CP: It’s interesting because when you’re doing something like that, you do forget you know the other person, and you really do get into the mind and the rhythms of the character that you’re playing. What’s nice is obviously having a comfort level with the other actor. But once the camera starts rolling and you’re saying these words that aren’t really your words and you’re playing a scene that is not from your own real life, you just forget all those things. You get caught up in the moment and in the story, and your responsibilities in pushing that story forward.
The proposal scene in last week’s episode was very romantic. Was Michael’s real proposal even more so?
CP: It was fun to shoot that proposal and to remember when we got engaged. It was a Sunday, and we were out having brunch at our favorite place in the East Village. It was a total surprise. I had no idea it was coming, and the next thing I know, Michael is talking about taking our relationship to the next level and he brings out this family ring and suddenly I was sobbing and laughing. We were thrilled and it was a beautiful day in June in New York City. In Person of Interest, the day we shot that scene, it was very cold, so we were basically freezing and trying to not to think about how cold we were. I was very happy to see how they edited that together. The whole thing was pretty much the POV of the machine, which I thought was very clever and cool. They shot it in several different ways, and I didn’t know how they were going to piece it together. Finch’s whole life is the machine so it also witnessed it. The machine had been responsible for us getting together, so the machine is really the matchmaker.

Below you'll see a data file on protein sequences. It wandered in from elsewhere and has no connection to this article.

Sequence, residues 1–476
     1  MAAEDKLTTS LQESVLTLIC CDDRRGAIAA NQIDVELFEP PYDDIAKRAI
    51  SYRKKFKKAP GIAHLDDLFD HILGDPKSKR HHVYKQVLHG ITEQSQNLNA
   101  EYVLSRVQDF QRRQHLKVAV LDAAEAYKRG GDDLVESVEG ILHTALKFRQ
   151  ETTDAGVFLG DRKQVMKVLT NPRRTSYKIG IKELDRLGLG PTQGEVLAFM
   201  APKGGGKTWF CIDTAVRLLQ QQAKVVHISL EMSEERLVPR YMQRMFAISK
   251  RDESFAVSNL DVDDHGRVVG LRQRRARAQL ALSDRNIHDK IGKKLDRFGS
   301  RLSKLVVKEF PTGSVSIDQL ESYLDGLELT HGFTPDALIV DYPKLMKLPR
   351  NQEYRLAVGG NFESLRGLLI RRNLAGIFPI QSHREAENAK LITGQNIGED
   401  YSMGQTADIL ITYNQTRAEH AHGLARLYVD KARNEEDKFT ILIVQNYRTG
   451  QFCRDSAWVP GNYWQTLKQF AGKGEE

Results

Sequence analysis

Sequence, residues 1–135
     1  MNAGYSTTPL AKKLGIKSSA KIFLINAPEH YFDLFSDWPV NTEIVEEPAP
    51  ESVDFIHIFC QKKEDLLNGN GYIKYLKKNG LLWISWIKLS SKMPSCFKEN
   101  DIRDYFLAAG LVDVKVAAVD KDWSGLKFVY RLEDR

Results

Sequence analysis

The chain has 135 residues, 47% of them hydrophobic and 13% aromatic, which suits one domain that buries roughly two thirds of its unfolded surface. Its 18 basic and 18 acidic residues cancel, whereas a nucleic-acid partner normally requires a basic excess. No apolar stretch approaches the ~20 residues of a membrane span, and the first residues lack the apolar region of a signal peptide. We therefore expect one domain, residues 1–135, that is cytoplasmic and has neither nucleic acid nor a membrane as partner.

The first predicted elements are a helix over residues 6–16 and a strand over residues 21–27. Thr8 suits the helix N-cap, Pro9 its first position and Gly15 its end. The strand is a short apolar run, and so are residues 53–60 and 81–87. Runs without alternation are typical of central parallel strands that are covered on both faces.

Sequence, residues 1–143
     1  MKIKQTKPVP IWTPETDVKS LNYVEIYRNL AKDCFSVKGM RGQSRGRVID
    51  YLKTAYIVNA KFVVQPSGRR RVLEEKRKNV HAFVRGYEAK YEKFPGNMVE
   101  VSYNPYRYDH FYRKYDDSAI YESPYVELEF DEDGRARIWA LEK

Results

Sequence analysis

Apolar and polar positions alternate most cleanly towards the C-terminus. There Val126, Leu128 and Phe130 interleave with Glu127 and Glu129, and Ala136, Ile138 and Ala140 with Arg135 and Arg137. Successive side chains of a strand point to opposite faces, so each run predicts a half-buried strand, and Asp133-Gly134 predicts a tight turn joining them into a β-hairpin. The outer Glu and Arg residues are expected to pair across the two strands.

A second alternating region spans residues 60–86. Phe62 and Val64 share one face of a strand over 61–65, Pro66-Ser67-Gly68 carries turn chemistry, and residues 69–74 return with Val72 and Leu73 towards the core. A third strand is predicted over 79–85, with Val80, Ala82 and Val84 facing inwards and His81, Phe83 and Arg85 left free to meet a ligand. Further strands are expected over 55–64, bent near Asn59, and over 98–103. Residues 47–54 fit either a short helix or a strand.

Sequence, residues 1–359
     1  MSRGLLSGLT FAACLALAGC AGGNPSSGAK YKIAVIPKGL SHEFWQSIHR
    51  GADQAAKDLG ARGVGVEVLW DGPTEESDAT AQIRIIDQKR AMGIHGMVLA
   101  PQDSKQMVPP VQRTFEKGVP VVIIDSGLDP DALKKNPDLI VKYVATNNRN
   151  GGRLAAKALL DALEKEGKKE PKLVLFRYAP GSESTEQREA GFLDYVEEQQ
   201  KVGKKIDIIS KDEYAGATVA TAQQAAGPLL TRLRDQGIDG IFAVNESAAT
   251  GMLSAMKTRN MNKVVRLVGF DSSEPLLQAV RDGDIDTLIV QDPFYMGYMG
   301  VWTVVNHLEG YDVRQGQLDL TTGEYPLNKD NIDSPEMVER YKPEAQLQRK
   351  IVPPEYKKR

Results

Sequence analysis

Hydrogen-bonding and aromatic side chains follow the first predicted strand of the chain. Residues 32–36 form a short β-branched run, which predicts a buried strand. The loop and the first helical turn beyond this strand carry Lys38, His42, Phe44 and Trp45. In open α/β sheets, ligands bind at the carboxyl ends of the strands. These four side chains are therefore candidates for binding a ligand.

Was your real first date as charming as the coffee shop scene in Person of Interest?